Per Guinness, the record is 885 pounds. So if we assume that guy was one that could lift 175 to start with, that's just over 5 times the weight. So a gorilla that can bench 4000, assuming that they are otherwise equal to humans in terms of training ability: the average gorilla could bench up to 5800 pounds with training, but an elite specimen could bench up to a theoretical 20000 pounds.
Fun to think about. I think it's worth validating the premise of 4k lbs. I mean, is that consistent and representative of the average gorilla, or is that an "elite" gorilla?

It also presumes that there is a roughly equivalent opportunity for improvement. That the average dude can increase their functional strength by 1.4% does not necessarily mean that an average gorilla can do so. What if. Gorilla, through genetics, lifestyle, diet or whatever, is at about their peak strength?
 

Monkey Turned Wolf

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Fun to think about. I think it's worth validating the premise of 4k lbs. I mean, is that consistent and representative of the average gorilla, or is that an "elite" gorilla?

It also presumes that there is a roughly equivalent opportunity for improvement. That the average dude can increase their functional strength by 1.4% does not necessarily mean that an average gorilla can do so. What if. Gorilla, through genetics, lifestyle, diet or whatever, is at about their peak strength?
That last part is why I would want to see an actual experiment. I'd have to imagine just how muscles work that it is possible to increase the overall strength, especially since they're so genetically similar to us. The big question would be if the amount is the same. As for the 4k pounds thing, I see that number referenced a couple places, but it could just be one of those internet "telephone game" things. Curious who figured out that number and how.
 

Steve

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That last part is why I would want to see an actual experiment. I'd have to imagine just how muscles work that it is possible to increase the overall strength, especially since they're so genetically similar to us. The big question would be if the amount is the same. As for the 4k pounds thing, I see that number referenced a couple places, but it could just be one of those internet "telephone game" things. Curious who figured out that number and how.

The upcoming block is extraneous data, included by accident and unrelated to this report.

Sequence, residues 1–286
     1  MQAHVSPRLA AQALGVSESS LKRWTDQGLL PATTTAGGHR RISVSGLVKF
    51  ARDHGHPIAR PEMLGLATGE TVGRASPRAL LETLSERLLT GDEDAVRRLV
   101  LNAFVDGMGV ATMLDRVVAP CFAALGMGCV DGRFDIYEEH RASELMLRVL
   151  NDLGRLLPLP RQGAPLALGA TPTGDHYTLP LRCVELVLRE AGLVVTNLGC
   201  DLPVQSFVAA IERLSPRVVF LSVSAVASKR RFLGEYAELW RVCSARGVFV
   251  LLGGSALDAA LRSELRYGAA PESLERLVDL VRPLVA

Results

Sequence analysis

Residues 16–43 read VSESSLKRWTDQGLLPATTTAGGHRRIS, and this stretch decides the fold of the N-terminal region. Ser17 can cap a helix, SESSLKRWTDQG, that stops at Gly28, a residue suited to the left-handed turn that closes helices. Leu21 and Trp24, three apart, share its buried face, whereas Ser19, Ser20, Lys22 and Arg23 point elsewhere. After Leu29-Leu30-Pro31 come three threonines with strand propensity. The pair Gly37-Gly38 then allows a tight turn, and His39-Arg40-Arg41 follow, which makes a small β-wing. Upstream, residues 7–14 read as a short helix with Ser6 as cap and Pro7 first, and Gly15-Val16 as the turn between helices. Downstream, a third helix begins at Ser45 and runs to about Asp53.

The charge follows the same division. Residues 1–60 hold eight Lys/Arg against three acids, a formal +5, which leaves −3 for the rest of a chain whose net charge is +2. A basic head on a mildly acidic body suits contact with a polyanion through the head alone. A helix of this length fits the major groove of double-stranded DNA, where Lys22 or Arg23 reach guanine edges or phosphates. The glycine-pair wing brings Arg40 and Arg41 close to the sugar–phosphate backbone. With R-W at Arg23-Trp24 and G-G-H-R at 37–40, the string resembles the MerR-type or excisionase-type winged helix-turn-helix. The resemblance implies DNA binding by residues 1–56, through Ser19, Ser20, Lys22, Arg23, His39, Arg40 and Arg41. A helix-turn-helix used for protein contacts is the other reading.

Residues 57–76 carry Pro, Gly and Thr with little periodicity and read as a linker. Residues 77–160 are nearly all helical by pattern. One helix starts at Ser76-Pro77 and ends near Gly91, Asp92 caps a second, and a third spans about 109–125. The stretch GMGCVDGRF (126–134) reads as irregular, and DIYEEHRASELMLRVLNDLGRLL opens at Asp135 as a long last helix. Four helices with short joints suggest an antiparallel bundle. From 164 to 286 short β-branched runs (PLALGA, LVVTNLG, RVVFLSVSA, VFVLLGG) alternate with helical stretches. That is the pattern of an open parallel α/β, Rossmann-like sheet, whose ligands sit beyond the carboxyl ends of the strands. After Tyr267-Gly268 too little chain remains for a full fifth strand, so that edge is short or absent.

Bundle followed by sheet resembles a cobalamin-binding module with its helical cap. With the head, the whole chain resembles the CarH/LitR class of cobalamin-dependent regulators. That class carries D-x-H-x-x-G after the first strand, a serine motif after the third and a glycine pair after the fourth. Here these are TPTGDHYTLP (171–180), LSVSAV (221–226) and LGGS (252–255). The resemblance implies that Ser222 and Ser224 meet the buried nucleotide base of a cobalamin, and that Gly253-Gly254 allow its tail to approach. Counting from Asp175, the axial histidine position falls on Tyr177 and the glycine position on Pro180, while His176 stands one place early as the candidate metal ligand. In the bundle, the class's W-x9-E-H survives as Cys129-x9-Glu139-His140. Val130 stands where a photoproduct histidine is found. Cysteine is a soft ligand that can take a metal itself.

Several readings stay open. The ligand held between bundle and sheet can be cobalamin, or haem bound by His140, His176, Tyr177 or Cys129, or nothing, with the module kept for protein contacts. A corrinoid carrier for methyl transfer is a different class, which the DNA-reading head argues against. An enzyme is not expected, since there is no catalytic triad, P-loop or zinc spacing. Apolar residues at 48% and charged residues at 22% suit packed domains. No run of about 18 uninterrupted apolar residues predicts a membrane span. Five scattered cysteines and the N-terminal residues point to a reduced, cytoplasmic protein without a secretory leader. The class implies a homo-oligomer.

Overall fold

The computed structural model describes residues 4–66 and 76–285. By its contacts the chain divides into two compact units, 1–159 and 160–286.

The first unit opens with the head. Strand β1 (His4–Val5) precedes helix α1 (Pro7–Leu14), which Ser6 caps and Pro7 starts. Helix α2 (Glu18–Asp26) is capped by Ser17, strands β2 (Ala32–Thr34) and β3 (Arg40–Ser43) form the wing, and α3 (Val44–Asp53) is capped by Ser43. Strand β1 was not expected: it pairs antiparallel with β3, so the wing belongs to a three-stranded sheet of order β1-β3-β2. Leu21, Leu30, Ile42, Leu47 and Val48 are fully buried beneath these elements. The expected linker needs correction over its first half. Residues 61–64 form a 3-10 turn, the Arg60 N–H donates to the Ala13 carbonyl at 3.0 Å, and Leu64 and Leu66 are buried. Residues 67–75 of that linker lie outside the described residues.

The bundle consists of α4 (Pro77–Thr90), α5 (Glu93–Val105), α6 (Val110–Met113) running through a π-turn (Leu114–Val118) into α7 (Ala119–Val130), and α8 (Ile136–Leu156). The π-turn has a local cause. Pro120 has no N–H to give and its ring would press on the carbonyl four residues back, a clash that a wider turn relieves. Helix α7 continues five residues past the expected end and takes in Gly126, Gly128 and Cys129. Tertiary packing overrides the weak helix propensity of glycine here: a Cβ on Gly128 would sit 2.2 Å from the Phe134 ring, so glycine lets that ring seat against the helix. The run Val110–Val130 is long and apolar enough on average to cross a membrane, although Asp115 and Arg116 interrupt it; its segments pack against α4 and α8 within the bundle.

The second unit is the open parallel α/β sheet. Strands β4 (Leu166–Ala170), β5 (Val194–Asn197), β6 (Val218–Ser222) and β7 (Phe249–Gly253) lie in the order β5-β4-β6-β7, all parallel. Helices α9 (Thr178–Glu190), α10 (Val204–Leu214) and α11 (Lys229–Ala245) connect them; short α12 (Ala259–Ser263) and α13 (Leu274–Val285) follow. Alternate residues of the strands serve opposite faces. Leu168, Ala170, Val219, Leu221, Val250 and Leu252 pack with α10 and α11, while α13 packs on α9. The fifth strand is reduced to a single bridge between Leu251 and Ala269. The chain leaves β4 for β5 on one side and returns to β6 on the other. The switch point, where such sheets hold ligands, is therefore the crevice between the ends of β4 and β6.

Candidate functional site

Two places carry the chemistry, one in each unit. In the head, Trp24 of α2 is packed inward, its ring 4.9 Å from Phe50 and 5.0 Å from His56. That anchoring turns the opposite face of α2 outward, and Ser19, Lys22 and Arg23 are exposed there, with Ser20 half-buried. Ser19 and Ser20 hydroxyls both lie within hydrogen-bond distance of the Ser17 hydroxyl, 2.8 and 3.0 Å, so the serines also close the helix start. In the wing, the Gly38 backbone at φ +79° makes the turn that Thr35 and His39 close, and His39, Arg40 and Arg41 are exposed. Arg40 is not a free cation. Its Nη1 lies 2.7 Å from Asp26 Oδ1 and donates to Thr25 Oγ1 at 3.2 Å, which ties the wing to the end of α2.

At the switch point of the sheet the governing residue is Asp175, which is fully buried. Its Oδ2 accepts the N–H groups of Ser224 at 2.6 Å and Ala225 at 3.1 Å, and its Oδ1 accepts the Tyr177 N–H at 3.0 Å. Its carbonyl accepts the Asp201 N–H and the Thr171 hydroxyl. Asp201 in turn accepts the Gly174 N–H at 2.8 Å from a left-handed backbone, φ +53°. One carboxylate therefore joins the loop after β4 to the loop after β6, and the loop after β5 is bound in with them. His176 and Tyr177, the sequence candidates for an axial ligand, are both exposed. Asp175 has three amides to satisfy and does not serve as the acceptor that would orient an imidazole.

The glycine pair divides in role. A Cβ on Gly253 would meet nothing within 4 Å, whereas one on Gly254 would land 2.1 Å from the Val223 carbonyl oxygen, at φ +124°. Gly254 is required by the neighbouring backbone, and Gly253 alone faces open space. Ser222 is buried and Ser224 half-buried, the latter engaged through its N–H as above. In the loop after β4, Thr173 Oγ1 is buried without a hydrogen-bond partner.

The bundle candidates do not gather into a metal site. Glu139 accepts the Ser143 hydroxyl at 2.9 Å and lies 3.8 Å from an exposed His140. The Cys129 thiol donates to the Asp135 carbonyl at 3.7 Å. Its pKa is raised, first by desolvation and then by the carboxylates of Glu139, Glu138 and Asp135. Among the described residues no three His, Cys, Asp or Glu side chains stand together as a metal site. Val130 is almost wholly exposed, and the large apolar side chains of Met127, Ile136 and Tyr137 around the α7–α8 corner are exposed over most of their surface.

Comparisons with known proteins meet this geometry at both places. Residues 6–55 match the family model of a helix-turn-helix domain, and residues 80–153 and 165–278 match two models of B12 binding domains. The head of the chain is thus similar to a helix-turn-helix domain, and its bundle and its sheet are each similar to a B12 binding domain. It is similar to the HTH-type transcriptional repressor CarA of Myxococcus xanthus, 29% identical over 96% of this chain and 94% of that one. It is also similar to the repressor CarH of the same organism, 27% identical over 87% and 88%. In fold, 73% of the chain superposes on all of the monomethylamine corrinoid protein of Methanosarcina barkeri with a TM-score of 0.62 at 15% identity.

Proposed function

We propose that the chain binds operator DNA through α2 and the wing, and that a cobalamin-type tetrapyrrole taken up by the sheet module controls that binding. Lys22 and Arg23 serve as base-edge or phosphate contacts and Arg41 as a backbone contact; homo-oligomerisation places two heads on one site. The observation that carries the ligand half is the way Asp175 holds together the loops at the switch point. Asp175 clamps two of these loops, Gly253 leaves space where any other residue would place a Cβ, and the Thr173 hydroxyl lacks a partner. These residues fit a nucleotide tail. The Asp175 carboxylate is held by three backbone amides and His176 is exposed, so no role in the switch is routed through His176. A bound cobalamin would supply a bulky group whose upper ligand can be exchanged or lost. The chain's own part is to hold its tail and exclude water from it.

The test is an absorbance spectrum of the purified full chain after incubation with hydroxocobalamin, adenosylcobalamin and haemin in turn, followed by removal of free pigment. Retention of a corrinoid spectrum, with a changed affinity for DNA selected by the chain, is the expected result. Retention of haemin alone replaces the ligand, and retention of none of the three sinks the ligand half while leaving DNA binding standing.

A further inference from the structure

I googled it, and I'm sure I saw pretty much the same things. I also saw something about 1300 to 4000 lbs, but I expect that's also just a WAG. I'm skeptical, though, because on these same sites, it also seemed to overestimate the amount a man can lift, in that the high end of over 800 lbs for a human male is not just elite, but close to the world record. So, on this site there is the following chart that looks kind of helpful, and for reference, Dwayne Johnson bench presses somewhere around 450 lbs, and it seems pressing over 350 lbs would be considered elite for an average sized dude (180 lbs or less):

Bench press average by weight
Body weight (lbs)UntrainedNoviceIntermediateAdvancedElite
11485110130180220
12390115140195240
132100125155210260
148110140170235290
165120150185255320
181130165200275345
198135175215290360
220140185225305380
242145190230315395
275150195240325405
319155200245335415
320+160205250340425

So, the question is how much stronger are gorillas, pound for pound? Because if an average gorilla weighs about 300 to 400 lbs, this would suggest they can press 10x their body weight. That's pretty impressive. The chart, if we accept it as a good starting point, gives a little more information about possible increase in strength based on the size of the person.

Note there are similar charts for women and also by age.
 
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Steve

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That last part is why I would want to see an actual experiment.
In addition to above, I appreciate this statement. I wonder about many things I think would benefit from a somewhat rigorous scientific process. I'd love to see some data on martial arts and self defense. I think there are a lot of things that are considered "common sense" in martial arts and self defense that are pure hokum. Most of this is benign, but boy does it bother me when folks profit from selling fear, and the only effective way to combat that is to get real data out there. Shoot, as we can see with vaccines, sometimes, even if you do have reliable data, fear mongering is sadly effective.